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  1. #11
    Loose Gravel's Avatar
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    Boy, I hate to throw a wrench in this, but what the heck. I used to record exposure information with pencil and paper. I have found this info to be generally worthless. At the time of exposure, I note the development required and that's all. I have found it better to develop a technique that is consistant. What worked for me was to photograph the same thing many times. The best thing is getting immediate feedback, either polaroids or going home and printing pictures that you took only hours earlier. Then take that picture back to the same place the next day and do it again.

    I would start by only using one film. For me, a viewing filter helped so that I could learn how to judge what zones would fall where and which one I could judge the best for placement. I place zone 4 most of the time. For constrast measurement, I generally do this on feel unless it is extreme.

    The times that might be good to record, if you could find them when you need them, are how long to expose moving water to get how much blur. That sort of thing would be helpful and I have done those experiments, but there are so many variables there, too, that I'm not sure it isn't better to take a couple of frames/sheets to get the mood you want.

    Just my two bits.

  2. #12
    Ed Sukach's Avatar
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    Quote Originally Posted by Loose Gravel
    Boy, I hate to throw a wrench in this, but what the heck. I used to record exposure information with pencil and paper. I have found this info to be generally worthless.
    I wouldn't say completely worthless, but grinding so fine as to record each and every exposure will produce a great mound of paper (or electron traces) ... and it will be difficult to reference it all back to the moments of truth - for each and every exposure.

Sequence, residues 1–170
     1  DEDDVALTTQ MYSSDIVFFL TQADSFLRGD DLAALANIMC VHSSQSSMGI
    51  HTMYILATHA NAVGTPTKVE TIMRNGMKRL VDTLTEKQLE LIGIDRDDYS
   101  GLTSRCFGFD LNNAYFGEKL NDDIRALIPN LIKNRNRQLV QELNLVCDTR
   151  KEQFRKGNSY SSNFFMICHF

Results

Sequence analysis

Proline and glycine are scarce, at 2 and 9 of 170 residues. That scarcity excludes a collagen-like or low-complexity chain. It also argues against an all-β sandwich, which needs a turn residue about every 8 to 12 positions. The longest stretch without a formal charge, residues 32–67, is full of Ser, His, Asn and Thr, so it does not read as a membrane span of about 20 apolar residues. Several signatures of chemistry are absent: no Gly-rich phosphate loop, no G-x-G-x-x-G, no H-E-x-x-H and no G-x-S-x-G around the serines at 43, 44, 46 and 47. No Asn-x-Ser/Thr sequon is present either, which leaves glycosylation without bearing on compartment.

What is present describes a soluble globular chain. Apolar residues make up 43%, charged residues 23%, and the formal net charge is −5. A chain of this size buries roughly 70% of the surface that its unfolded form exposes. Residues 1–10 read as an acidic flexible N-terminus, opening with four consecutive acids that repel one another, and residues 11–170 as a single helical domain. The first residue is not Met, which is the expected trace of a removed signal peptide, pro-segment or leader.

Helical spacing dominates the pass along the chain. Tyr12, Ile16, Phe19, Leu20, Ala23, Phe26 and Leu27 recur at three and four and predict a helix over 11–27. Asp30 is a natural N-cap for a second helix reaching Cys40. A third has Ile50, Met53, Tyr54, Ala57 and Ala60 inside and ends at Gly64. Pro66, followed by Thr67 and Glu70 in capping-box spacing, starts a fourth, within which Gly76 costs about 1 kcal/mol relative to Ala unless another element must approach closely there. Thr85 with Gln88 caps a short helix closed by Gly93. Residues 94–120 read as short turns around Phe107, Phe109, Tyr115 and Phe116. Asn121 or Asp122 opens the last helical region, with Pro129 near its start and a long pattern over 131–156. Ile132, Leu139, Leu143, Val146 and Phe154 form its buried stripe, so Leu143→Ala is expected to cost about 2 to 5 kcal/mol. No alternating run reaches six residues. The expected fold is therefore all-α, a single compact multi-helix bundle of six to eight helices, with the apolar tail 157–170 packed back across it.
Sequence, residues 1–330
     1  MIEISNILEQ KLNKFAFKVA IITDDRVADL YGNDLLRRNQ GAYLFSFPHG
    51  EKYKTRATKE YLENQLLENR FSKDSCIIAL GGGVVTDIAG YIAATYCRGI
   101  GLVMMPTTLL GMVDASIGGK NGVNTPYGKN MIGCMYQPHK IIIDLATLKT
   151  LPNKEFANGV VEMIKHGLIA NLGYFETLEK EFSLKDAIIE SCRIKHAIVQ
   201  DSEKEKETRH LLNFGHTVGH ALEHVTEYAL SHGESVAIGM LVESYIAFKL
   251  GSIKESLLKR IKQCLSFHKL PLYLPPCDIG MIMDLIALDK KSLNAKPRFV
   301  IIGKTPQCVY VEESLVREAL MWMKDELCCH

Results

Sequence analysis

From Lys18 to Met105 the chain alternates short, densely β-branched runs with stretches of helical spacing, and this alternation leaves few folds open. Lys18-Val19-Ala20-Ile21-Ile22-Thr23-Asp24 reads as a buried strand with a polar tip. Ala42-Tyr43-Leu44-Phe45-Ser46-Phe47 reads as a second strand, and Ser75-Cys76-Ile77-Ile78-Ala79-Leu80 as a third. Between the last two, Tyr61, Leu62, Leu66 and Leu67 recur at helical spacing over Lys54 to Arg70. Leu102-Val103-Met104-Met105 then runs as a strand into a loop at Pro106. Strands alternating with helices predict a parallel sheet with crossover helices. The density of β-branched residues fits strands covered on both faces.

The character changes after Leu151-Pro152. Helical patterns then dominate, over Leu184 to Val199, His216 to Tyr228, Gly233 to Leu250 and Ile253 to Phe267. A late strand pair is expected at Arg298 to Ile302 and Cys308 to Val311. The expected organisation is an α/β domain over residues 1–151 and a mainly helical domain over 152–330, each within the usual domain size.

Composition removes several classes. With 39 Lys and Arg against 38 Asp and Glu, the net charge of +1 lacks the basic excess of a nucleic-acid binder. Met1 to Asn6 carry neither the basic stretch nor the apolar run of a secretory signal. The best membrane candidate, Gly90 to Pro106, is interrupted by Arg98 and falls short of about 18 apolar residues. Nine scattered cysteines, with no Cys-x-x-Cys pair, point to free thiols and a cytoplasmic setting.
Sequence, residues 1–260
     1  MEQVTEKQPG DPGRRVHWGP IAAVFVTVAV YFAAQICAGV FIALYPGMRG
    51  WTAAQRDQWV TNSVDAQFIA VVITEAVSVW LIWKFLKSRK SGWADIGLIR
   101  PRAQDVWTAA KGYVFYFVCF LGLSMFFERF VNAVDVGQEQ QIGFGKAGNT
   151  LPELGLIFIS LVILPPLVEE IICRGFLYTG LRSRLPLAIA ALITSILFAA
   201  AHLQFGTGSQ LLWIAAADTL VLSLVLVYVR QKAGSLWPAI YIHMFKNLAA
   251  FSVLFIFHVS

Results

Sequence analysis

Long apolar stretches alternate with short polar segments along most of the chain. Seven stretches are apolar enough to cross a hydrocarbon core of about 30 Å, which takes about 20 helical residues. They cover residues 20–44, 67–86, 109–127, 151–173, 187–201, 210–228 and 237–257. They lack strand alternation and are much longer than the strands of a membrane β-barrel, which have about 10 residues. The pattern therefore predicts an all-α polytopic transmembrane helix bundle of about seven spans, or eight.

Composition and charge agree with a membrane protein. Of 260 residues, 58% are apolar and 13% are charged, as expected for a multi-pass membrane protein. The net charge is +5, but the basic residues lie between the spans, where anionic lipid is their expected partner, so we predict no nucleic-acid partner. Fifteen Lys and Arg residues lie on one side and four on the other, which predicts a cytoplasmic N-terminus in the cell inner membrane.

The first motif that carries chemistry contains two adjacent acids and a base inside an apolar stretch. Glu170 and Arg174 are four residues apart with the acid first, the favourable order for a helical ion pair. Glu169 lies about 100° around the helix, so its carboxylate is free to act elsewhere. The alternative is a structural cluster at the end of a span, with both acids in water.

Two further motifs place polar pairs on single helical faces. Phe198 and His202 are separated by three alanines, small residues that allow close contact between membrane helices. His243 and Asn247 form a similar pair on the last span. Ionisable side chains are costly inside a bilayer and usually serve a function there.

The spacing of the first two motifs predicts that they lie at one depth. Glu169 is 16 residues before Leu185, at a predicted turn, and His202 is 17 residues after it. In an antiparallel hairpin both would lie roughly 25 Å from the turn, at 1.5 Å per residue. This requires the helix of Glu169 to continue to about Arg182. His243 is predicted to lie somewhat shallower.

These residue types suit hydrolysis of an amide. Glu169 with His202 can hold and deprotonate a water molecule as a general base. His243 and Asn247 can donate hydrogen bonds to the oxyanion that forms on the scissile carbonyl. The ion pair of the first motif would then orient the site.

It is useful - in fact, necessary in the Zone system ... as far as +/- exposure and development; but other than that, one can learn - or see -the effects of f/stops on depth of field and of shutter speeds on motion... but that is general knowledge, and once that is learned (fairly well, anyway) ... minute records are really a lot of overkill.
    Carpe erratum!!

    Ed Sukach, FFP.

  3. #13

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    I use a small notebook. I jot down:
    Date
    Brief Subject Description
    Holder Number
    EV range (EV low to EV high, i.e. SBR)
    Lens used
    Filter if any
    F stop
    Exposure length

    Takes me 5 secs to do.
    Francesco

  4. #14

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    Quote Originally Posted by roteague
    I generally don't record shutter speeds/fstop; I've found no compelling reason to do so - although I would be willing to listen if anyone can provide a good reason to do so.

    For myself it's a matter of learning what works and what doesn't - exposure and DOF. When I sit down and examine my photos I want/need to know exactly what I did so that I can assess what I need to do different - the exposure is probably more important than anything else for me as I can usually clearly recall everything else when looking at the photo.